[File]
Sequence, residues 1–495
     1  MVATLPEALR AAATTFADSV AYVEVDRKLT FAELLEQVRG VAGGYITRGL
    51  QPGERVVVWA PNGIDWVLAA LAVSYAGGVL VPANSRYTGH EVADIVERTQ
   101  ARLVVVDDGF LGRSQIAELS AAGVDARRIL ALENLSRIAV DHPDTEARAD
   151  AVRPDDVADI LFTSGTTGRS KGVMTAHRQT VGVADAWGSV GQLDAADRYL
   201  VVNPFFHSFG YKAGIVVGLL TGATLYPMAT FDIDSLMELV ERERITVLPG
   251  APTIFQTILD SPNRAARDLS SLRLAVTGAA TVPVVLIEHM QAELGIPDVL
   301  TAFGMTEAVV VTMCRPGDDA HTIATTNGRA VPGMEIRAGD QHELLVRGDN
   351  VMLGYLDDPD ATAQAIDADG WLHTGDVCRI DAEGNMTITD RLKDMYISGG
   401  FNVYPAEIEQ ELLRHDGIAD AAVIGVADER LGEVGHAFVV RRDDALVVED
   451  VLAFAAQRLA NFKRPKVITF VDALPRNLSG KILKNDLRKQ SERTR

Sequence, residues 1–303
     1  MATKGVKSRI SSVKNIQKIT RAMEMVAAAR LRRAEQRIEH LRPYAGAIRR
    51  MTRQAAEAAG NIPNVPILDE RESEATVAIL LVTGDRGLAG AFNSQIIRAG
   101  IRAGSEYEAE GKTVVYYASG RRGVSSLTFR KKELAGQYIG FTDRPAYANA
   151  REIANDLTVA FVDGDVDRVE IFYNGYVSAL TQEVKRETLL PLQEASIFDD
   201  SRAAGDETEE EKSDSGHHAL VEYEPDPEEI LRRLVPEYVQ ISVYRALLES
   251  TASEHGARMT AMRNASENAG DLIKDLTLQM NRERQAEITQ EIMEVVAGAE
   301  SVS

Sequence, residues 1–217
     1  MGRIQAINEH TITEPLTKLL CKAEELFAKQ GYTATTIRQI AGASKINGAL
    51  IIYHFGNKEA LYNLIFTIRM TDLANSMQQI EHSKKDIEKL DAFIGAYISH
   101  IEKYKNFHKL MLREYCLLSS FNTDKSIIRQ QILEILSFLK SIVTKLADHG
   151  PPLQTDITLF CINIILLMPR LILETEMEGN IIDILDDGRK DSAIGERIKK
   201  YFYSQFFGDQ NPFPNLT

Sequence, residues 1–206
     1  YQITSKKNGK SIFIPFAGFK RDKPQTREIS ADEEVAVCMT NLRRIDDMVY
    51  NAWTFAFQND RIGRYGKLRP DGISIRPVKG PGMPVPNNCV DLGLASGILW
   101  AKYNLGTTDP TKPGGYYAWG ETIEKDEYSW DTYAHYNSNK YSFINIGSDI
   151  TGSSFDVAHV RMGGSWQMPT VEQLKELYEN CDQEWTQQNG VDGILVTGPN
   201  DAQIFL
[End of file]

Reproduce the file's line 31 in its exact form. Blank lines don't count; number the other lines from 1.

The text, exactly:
   201  DAQIFL